“Your vision will become clear only when you can look into your own heart. Who looks outside, dreams; who looks inside, awakes.” –Carl Jung
Twenty-two. African American male. 5 foot, 10 inches. Son. Brother. Public servant. Preacher. College graduate. Old soul.
That’s who I am externally, but who I am internally? What makes me smile? What gives me joy? What gives me satisfaction and fulfillment? Those are the questions that must be answered when embarking upon self-discovery.
The easy answer would be that my family is my number one joy, Jesus gives me total satisfaction, and wanting to see better for others gives me total fulfillment. However, that’s probably 10% truth and 90% false. No, it’s not to say I don’t love my family, Jesus, or helping others, but I can’t neglect myself in the process.
My generation—the millennial generation—has been labeled many things. An instant gratification and satisfaction generation, lost, misunderstood, immoral, lazy and the like…similar to that of our parents and grandparents’ generations while they, too, were in the process of discovering themselves. Labels often bestowed upon the rising generation, but rarely applied to the elders or persons who influenced a generation. The Pew Research Center found that “[j]ust 40% of adults ages 18 to 34 consider themselves part of the “Millennial generation,” while another 33% – mostly older Millennials – consider themselves part of the next older cohort, Generation X.” Have labels causes some to escape the journey of discovering themselves?
I pose those questions because it’s been a matter of discussion between men and women my age lately. We view the lives of our parents, grandparents, and others and see the dissatisfaction, while also observing the seemingly robotic movements of toxic contentment.
“Why don’t they just move on?”
“Why don’t they just deal with what everybody sees?”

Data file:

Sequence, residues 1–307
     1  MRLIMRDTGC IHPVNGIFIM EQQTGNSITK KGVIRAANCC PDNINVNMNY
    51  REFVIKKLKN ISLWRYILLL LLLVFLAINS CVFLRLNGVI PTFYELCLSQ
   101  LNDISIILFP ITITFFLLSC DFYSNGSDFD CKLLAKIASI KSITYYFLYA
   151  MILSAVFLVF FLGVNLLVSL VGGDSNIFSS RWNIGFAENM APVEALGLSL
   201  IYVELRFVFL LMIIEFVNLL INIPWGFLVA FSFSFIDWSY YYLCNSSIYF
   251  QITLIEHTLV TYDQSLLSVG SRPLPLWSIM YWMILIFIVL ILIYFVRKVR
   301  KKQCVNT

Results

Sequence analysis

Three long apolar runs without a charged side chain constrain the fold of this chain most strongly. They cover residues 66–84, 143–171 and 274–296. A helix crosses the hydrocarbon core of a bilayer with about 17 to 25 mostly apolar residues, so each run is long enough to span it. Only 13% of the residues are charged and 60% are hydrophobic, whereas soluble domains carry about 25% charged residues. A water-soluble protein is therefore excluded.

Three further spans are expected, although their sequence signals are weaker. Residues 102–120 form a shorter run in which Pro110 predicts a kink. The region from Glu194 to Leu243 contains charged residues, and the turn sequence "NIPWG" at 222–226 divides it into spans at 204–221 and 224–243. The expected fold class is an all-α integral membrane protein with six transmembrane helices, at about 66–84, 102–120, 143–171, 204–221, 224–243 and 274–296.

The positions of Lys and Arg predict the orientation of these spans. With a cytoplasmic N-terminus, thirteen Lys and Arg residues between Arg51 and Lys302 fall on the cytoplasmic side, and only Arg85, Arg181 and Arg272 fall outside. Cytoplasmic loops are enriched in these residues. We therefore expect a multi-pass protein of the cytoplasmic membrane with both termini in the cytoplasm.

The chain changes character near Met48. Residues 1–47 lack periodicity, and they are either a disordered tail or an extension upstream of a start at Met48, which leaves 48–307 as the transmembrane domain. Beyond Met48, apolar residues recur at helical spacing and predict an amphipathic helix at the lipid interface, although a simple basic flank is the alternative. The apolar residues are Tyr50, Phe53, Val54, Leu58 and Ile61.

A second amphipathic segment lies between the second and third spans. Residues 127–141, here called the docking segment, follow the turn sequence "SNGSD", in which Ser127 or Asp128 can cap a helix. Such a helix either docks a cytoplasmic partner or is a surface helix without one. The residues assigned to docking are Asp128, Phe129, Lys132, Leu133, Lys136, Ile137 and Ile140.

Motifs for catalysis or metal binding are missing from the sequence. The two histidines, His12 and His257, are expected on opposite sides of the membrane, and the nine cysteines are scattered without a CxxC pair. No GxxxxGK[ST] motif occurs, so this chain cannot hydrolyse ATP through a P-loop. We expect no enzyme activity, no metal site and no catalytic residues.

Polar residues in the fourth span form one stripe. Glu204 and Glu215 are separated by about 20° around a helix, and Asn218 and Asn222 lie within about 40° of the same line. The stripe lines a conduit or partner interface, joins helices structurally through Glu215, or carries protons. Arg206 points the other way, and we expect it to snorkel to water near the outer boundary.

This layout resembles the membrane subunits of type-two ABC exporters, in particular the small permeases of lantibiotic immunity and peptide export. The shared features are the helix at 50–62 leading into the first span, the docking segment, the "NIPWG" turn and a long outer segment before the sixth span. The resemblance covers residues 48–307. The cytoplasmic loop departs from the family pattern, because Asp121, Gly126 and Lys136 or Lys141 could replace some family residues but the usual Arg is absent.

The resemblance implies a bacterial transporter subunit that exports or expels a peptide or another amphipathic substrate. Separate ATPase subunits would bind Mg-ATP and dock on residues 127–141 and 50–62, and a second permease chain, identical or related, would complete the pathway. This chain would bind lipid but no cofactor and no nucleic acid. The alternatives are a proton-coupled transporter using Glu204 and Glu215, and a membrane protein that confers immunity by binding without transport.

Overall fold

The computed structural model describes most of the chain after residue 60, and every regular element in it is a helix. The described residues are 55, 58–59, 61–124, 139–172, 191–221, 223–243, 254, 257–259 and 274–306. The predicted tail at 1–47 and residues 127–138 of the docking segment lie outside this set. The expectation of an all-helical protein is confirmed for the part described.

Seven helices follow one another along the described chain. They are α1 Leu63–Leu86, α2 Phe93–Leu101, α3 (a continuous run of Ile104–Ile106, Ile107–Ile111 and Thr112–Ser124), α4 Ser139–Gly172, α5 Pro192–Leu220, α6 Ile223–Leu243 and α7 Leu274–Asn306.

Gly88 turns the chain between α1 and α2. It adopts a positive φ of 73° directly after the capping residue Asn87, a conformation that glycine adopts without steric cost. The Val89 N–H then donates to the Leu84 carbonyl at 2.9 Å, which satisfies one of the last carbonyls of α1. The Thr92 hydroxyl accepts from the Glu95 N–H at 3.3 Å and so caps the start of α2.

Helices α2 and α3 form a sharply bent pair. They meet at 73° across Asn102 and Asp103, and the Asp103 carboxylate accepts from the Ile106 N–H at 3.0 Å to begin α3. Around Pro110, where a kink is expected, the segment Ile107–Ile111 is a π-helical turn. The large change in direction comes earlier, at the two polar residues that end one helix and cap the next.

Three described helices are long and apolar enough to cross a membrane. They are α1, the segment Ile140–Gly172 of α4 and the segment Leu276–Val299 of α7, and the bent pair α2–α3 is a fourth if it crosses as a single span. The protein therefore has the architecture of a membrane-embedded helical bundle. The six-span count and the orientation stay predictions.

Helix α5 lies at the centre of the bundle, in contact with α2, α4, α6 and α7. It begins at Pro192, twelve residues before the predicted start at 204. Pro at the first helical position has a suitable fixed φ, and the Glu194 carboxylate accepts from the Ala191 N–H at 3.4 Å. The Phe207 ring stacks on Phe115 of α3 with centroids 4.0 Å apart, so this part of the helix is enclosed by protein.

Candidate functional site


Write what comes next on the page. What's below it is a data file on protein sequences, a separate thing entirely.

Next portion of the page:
One’s twenties are said to be the years not to waste—a time of self-discovery, encountering love, embracing passion, and living authentically. Yet one must still navigate the dreams others have for their life and accept that which they believe for themselves. All the while trying to discover who, in their life and circle, is sincere and beneficial to their total fulfillment. This journey can be lonely, tiring, challenging and exhausting while uncertainties looms.
The process of escaping the noise and destroying preconceived desires must be done and done strategically and early. Failing to do so can cause one to live in the truth of another and die in the emptiness of self. Why die in a truth that is not yours? Why live a life you did not desire? And, why be absent from a reality in which you actively exist? Failure to eradicate the noise and others external desires hinders one from abundant living.
Discovery of self can embody faith, love, hope, service or the inclusion of all or more. Mark Twain stated, “I can teach anybody how to get what they want out of life. The problem is that I can’t find anybody who can tell me what they want.” And Henry David Thoreau said, “I went to the woods because I wished to live deliberately, to front only the essential facts of life, and see if I could not learn what it had to teach, and not, when I came to die, discover that I had not lived.”
The words of Thoreau resonate. “I wished to live deliberately;” “and not, when I came to die, discover that I had not lived.” And such is what I want to do and aim to do daily myself. Live deliberately, unapologetically and authentically in my truth, calling and purpose. Live to the extent that there is no doubt in my being of who I am, and not just what I do. Knowing that the life I live is not a life in which another has dreamed, self-desired, derived or established by virtue of the inability to live in their own truth.
“Twenty-two. African American male. 5 foot, 10 inches. Son. Brother. Public servant. Preacher. College graduate. Old soul.” Those are the statements and words in which I used to begin this article. All are truths about me, yet do not speak to the totality of me. Whether Christian, Muslim, Hindu, Jewish, Buddhist, Agnostic, Atheist or none of the aforementioned, we all must discover our truth, live in our purpose, discover our passion and be authentic. While the journey to self-discovery is never monolithic, it is a necessary journey to a free life.